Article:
Frenship FFA students win third at area talent competition
Kaitlyn Schaffner and Maci McCabe have a lot of experience in traditional FFA activies, such as raising and showing animals.
But recently FFA gave them a chance to show off a different side … winning third place at the FFA area convention talent competition.
Schaffner sang accompanied by McCabe on an acoustic guitar.
The Frenship High School seniors competed against four teams in the district competition.
After winning first place they attended the area convention. They performed two songs at the convention and were judged by 200 of their peers who voted on the winners.
McCabe has been playing guitar for four years and had never performed in front of an audience until this competition, where she performed in front of more than 400 people.
“I was so scared that I was about to throw up,” said McCabe. “I had never been that scared in my whole life. I was literally shaking.”
Schaffner sang in the competition last year and has been in choir since sixth grade, but has been singing her entire life.
“I love singing and performing and just entertaining,” said Schaffner. “I admire people who can sing and perform and be role models for young girls.”
She knew she needed someone to play an instrument with her this time, which is how she and McCabe began performing together. They started practicing about three weeks before the district competition and are already planning next year’s trip. The girls hope to add more people to their duo and possibly hold tryouts.
Schaffner’s father, Dale Schaffner, is an agriculture teacher at FHS and attended the competition. He said his daughter has always enjoyed singing.
Besides taking part in the FFA area talent competion, both girls also take part in more traditional FFA activities such as raising and showing animals.
McCabe currently has 39 sheep and one steer, and during the school year, Schaffner shows pigs. Students in FFA raise their animals to sell at shows and get to keep some or all of the proceeds they earn from the sale. McCabe sold a sheep for $20,000 one time, and her sister sold a lamb for $158,000 last year and got to keep $40,000.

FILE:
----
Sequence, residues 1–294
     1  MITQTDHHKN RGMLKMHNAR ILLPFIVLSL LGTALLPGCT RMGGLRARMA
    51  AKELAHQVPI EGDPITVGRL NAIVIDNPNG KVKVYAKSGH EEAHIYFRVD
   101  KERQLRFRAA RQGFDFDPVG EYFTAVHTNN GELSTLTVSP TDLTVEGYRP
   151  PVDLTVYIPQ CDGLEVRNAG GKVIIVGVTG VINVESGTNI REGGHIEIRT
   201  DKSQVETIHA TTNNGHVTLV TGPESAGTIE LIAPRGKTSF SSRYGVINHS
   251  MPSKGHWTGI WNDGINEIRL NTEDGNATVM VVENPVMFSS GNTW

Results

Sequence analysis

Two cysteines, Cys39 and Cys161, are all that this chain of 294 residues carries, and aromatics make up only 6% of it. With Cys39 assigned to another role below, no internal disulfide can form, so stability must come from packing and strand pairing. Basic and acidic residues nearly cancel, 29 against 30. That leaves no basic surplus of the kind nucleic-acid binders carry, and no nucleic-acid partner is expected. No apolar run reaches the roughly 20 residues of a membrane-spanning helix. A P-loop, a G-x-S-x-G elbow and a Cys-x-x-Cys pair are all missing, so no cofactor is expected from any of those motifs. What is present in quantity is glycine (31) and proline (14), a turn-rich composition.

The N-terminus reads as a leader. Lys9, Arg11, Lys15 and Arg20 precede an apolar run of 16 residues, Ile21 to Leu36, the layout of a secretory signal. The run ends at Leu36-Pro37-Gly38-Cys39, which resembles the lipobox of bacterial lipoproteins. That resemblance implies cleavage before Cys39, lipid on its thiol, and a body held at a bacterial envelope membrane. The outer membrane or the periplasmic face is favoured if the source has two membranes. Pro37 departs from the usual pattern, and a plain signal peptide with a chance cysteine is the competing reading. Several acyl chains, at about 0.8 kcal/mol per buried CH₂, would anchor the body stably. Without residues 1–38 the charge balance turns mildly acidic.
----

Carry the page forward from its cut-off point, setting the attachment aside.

“People can actually pay their entire college tuition from the sale of one animal sometimes,” said McCabe.
Much of the money is similar to a donation to the student who raised the animal and sometimes part of the money goes to other charities the buyer chooses, said Dale Schaffner. The animals are mostly sold for consumption, but McCabe said one of her animals was sold to a zoo.
There are about 250 students in the program at Frenship. Dale Schaffner said FFA is very important to the students who are in the program because it provides so many kinds of opportunities that people may not know about.
“It’s not just sows, cows and plows anymore,” said Dale Schaffner.
He said students make friends through FFA and gain a strong sense of responsibility because they have to take care of their animals.
Students in FFA also get to travel all over the state and sometimes out-of-state, which is an opportunity many students wouldn’t get to experience if it wasn’t for FFA.
In fall the FFA teachers teach leadership development and in the spring they have career development where students learn real-world skills, he said.
Dale Schaffner also teaches shop classes and said FFA is a good organization for students to get involved in who don’t play athletics or just want to work with their hands. It’s a great way for students to learn a tangible skill for a career, and for students who may want to go to a trade school instead of college, to prepare.
“FFA has many ways for students to earn scholarships for college on top of learning a skill,” said Dale Schaffner. “But if a kid wants to graduate from high school and be a professional welder, we teach those classes too.”
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